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Pharmacol Rev. 2006 Sep;58(3):342-74.

Functionally defective high-density lipoprotein: a new therapeutic target at the crossroads of dyslipidemia, inflammation, and atherosclerosis.

Author information

1
Dyslipoproteinemia and Atherosclerosis Research Unit, National Institute for Health and Medical Research, Hôpital de la Pitié, 83 boulevard de l'Hôpital, 75651 Paris Cedex 13, France. kontush@chups.jussieu.fr

Abstract

High-density lipoproteins (HDL) possess key atheroprotective biological properties, including cellular cholesterol efflux capacity, and anti-oxidative and anti-inflammatory activities. Plasma HDL particles are highly heterogeneous in physicochemical properties, metabolism, and biological activity. Within the circulating HDL particle population, small, dense HDL particles display elevated cellular cholesterol efflux capacity, afford potent protection of atherogenic low-density lipoprotein against oxidative stress and attenuate inflammation. The antiatherogenic properties of HDL can, however be compromised in metabolic diseases associated with accelerated atherosclerosis. Indeed, metabolic syndrome and type 2 diabetes are characterized not only by elevated cardiovascular risk and by low HDL-cholesterol (HDL-C) levels but also by defective HDL function. Functional HDL deficiency is intimately associated with alterations in intravascular HDL metabolism and structure. Indeed, formation of HDL particles with attenuated antiatherogenic activity is mechanistically related to core lipid enrichment in triglycerides and cholesteryl ester depletion, altered apolipoprotein A-I (apoA-I) conformation, replacement of apoA-I by serum amyloid A, and covalent modification of HDL protein components by oxidation and glycation. Deficient HDL function and subnormal HDL-C levels may act synergistically to accelerate atherosclerosis in metabolic disease. Therapeutic normalization of attenuated antiatherogenic HDL function in terms of both particle number and quality of HDL particles is the target of innovative pharmacological approaches to HDL raising, including inhibition of cholesteryl ester transfer protein, enhanced lipidation of apoA-I with nicotinic acid and infusion of reconstituted HDL or apoA-I mimetics. A preferential increase in circulating concentrations of HDL particles possessing normalized antiatherogenic activity is therefore a promising therapeutic strategy for the treatment of common metabolic diseases featuring dyslipidemia, inflammation, and premature atherosclerosis.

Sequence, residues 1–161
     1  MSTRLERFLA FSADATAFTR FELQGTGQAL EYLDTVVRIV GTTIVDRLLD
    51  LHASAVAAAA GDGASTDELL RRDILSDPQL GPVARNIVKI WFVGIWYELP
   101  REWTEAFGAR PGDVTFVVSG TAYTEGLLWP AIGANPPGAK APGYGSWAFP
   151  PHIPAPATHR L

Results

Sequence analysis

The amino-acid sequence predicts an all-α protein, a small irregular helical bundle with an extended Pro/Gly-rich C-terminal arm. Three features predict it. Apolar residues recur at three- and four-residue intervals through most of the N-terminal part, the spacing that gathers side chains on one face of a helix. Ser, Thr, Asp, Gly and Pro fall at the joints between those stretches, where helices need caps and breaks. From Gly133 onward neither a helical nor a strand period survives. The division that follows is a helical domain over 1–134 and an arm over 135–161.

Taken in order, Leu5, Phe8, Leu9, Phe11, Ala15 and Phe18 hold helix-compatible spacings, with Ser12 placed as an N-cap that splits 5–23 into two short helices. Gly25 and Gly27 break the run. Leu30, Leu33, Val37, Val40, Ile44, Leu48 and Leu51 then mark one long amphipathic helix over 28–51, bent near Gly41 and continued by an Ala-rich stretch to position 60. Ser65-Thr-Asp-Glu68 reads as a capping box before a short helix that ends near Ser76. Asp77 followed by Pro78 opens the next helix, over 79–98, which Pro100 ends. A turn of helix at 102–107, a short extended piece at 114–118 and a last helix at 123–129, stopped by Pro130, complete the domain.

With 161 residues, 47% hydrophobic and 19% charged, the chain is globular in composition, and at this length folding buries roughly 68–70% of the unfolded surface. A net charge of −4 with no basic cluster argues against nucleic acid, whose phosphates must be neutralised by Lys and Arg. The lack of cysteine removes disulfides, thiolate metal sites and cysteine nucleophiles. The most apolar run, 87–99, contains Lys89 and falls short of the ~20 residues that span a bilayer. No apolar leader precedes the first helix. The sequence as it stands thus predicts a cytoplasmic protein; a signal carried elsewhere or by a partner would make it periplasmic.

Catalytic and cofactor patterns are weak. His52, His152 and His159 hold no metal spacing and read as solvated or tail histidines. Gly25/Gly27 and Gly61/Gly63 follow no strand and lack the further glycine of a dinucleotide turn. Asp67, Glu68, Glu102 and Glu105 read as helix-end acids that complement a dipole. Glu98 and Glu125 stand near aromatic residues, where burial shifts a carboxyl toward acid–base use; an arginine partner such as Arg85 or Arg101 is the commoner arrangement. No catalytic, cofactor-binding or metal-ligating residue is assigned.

PMID:
16968945
DOI:
10.1124/pr.58.3.1
[Indexed for MEDLINE]

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